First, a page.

Eight years on, Ronnie McCluskey reappraises his love affair with Fall Out Boy’s magnum opus, Infinity on High.
In 2007, Fall Out Boy released Infinity on High and forever changed my world. That sounds overly dramatic: it didn’t drag me from the doldrums or yank me by the scruff of my neck from a deepening depression (although I’m sure it did exactly that for many a kohl-eyed emo). It just seized me in a way that music never had before. So far as I was concerned, the expression “shot-in-the-arm” had never applied to music till I heard Infinity on High, an album that was fucking replete with such moments: blasting these songs was like being injected with a double hit of adrenaline and dopamine. I was 19 that summer and although I can dimly recall or vaguely deduce what else I was listening to around that time, Infinity is the one album I remember repping non-stop. And I mean non-stop: in the gym, on buses and trains, in the university cafeteria; whenever I could feasibly get away with retreating into the private world inside my head and tucking the earbuds into my lugs, I’d be blasting Fall Out Boy at full volume.
The evolution of taste
A few years ago I had a discussion with a cousin about the capricious nature of people’s music tastes. Not just hers and mine, but everyone’s. It was in relation to a relative of ours, at the time a lank-haired, rebellious-looking teenager (though he wasn’t especially mutinous in any other sense) who was rinsing a lot of angry, discordant heavy metal. “I wonder what he’ll be listening to in ten years?” I pondered. My cousin seemed confused. “Much the same stuff,” she suggested. “But accounting for any change in taste…” I said. She was confounded. “Tastes don’t change,” her face seemed to indicate, a second before her mouth vocalised it. “You like what you like.”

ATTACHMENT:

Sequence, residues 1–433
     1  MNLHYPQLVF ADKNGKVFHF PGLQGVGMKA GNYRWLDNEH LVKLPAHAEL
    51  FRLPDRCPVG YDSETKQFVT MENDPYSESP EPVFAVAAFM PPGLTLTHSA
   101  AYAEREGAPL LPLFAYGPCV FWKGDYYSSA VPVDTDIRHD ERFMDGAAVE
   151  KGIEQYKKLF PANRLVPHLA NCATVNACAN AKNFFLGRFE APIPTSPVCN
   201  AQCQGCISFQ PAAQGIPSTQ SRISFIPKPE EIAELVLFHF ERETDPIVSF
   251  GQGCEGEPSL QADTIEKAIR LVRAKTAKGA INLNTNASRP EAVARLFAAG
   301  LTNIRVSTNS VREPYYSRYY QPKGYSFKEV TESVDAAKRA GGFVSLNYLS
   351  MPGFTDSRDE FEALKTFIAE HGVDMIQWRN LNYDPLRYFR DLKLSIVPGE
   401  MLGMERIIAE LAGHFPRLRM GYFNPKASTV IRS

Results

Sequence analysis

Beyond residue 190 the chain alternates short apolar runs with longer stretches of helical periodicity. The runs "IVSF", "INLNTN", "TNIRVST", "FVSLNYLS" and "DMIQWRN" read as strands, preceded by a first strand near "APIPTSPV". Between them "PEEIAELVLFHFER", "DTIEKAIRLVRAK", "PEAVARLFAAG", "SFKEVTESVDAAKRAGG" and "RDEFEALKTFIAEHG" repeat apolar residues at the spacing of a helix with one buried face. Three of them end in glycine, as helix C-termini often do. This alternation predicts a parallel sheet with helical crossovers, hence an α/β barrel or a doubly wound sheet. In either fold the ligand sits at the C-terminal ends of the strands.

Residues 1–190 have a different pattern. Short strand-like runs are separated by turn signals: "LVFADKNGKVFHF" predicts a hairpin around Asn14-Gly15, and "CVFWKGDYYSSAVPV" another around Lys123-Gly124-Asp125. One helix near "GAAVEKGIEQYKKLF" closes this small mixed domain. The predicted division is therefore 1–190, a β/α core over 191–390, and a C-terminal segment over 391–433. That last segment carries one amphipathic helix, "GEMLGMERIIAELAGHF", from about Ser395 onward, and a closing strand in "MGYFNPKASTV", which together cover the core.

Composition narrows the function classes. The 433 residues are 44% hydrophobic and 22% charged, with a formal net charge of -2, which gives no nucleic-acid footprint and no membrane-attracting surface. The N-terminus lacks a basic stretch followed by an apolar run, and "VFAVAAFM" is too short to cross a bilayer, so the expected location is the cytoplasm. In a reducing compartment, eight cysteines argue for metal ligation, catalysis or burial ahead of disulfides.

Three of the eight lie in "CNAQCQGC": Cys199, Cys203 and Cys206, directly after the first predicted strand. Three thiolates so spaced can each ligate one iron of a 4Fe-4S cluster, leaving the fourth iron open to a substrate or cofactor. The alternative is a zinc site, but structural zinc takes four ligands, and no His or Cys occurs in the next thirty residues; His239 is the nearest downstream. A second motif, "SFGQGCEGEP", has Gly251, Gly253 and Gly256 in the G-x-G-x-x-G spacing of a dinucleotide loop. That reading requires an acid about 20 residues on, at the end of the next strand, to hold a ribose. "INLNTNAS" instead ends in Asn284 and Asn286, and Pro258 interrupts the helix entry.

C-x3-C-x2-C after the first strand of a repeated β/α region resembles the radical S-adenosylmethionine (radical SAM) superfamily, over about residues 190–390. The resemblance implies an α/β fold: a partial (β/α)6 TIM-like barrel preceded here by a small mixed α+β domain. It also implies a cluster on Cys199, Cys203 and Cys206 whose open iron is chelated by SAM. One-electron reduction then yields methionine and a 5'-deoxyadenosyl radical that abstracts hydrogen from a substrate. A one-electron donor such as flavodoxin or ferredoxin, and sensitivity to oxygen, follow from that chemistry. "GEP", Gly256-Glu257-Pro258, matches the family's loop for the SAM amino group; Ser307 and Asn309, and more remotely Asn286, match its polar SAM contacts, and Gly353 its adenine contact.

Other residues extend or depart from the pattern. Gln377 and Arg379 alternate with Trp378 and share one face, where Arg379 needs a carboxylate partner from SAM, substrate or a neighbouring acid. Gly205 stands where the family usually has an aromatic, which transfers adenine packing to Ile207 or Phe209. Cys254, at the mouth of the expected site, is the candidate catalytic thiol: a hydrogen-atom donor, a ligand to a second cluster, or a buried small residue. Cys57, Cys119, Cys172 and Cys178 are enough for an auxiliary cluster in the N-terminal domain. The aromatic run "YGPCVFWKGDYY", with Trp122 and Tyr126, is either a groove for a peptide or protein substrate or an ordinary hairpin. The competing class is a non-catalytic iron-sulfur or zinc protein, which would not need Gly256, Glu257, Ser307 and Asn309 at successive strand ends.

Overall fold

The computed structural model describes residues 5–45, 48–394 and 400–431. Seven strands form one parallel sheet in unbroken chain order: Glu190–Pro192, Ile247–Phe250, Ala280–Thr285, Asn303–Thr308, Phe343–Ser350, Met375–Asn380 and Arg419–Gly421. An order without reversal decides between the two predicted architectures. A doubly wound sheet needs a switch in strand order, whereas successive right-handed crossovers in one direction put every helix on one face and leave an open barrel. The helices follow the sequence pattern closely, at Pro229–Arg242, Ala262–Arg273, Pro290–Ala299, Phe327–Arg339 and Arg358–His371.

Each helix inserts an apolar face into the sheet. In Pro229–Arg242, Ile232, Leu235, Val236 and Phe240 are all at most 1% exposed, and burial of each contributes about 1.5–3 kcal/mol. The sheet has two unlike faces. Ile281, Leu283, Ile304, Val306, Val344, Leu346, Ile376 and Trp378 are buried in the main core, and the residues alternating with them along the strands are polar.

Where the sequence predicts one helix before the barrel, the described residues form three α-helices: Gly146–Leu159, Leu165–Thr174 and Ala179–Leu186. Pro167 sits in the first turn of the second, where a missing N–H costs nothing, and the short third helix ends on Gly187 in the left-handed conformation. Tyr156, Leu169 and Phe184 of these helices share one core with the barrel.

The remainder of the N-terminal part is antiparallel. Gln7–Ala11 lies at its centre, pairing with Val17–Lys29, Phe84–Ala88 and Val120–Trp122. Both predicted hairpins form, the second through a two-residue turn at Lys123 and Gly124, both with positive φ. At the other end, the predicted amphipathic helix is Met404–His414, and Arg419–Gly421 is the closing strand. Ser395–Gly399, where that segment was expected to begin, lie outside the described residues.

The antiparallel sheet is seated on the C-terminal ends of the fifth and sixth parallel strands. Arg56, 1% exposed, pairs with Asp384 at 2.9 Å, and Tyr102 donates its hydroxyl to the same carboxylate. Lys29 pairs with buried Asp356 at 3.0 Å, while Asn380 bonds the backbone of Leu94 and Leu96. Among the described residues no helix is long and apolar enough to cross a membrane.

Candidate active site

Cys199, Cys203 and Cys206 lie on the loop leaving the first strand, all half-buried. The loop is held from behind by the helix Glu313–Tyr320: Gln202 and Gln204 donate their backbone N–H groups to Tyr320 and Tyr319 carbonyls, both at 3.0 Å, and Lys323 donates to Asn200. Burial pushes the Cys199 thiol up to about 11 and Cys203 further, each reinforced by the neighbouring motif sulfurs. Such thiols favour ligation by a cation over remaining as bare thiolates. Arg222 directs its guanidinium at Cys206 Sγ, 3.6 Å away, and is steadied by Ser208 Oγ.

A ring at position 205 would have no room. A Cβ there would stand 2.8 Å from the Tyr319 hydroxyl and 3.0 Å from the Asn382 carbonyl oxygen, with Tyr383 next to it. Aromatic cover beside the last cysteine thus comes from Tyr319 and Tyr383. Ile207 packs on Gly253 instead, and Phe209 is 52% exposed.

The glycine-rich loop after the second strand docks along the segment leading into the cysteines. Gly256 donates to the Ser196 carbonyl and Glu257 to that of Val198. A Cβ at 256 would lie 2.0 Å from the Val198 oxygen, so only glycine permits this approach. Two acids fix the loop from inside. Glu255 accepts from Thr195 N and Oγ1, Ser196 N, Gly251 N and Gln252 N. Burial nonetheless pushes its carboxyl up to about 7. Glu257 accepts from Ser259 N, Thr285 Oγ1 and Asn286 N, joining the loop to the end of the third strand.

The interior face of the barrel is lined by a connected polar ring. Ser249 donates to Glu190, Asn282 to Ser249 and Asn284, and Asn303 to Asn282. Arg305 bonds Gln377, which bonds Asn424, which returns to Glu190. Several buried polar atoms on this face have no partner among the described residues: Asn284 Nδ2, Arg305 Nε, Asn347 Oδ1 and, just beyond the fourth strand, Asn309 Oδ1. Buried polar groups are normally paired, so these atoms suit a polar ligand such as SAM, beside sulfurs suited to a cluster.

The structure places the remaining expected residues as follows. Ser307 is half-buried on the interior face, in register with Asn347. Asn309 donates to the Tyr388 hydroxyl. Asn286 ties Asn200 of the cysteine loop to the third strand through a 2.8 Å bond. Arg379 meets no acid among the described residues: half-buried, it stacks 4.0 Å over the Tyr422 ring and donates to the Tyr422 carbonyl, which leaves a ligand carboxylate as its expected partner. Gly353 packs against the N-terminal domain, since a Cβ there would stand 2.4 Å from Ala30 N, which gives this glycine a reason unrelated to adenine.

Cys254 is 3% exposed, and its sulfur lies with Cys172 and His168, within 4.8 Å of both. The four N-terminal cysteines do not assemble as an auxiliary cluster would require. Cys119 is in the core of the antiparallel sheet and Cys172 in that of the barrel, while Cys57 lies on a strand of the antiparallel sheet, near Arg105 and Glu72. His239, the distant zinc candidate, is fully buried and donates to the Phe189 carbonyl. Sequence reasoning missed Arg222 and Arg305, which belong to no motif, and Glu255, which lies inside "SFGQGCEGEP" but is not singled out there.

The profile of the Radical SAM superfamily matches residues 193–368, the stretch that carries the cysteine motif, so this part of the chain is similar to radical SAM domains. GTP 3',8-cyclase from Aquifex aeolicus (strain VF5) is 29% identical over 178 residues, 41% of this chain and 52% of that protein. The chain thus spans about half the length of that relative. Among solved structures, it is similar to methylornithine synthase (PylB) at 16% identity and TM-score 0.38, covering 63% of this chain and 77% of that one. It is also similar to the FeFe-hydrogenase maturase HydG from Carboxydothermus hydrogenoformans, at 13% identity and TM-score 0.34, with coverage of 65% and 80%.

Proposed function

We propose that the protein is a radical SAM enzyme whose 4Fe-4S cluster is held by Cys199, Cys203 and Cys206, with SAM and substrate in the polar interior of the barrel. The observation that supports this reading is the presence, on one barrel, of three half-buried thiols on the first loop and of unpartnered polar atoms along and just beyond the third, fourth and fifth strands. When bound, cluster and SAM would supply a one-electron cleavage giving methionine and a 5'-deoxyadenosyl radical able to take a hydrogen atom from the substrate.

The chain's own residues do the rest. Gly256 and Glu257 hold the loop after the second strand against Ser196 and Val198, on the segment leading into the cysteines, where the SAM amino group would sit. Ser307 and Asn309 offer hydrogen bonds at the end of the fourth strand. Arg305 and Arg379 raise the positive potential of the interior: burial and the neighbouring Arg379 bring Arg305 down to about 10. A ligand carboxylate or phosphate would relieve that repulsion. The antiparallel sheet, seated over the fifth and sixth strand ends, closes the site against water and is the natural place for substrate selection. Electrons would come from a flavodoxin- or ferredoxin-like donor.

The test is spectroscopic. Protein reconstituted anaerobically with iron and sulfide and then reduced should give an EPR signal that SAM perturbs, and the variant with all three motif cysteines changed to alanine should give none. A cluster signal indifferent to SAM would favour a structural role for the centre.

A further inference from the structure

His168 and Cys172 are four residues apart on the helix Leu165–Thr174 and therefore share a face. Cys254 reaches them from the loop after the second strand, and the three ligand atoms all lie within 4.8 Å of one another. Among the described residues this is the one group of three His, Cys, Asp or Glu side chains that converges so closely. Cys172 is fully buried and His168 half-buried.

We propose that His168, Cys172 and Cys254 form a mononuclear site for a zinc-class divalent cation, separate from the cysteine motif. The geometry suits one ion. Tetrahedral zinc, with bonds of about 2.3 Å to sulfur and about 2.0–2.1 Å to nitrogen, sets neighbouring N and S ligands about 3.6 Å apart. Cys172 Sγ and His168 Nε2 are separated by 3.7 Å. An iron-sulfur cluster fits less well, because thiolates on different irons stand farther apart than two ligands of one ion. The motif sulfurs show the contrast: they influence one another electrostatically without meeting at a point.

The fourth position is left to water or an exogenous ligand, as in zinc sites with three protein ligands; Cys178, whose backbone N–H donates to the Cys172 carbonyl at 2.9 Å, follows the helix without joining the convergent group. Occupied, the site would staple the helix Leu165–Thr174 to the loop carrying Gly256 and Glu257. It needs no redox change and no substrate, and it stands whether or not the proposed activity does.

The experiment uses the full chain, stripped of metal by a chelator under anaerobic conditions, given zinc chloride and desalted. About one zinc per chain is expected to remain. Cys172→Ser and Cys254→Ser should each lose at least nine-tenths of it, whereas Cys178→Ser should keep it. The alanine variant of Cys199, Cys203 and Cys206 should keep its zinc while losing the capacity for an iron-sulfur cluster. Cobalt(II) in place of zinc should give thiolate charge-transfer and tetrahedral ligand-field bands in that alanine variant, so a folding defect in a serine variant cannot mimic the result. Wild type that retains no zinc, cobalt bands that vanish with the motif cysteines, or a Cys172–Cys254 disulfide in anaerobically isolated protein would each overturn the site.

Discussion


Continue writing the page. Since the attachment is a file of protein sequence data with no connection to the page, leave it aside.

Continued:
“They bust into the mainstream like they’d just kicked open the swing doors of the OK Corral with their pistols drawn”
I understand what she means. I think back to the music I listened to as a youngster and I can’t really repudiate it. Is that because my tastes haven’t changed? No; they undoubtedly have. Am I just fortunate enough to have always enjoyed music that stands the test of time or otherwise satisfies my own ear as I age? Who knows. The degree to which our interests fluctuate naturally depends on the individual. The factors motivating such oscillation are a mystery to me, but I’m sure there are a myriad of agents feeding the process.
An infinite Infinity loop
What is it that appealed to me about Infinity on High then and that appeals to me now? I think the first thing that grabs me, as I spin it for the 500th time, is the energy. From the moment the guitar strikes up at the start of ‘Thriller’, and Jay-Z intones, “Yeah, what you critics said would never happen…” you feel you’ve been sucked into the eye of a storm. This is when Fall Out Boy forgot or stopped caring about what kind of music they made: everybody could like this. They bust into the mainstream like they’d just kicked open the swing doors of the OK Corral with their pistols drawn. They were having fun; they were taking the piss; they were writing killer one-liners that slated themselves and the world around them; they were making music that was brash and colourful and thunderous and melodic and that could inspire more or less every emotion in the book, from sullenness to pure joy.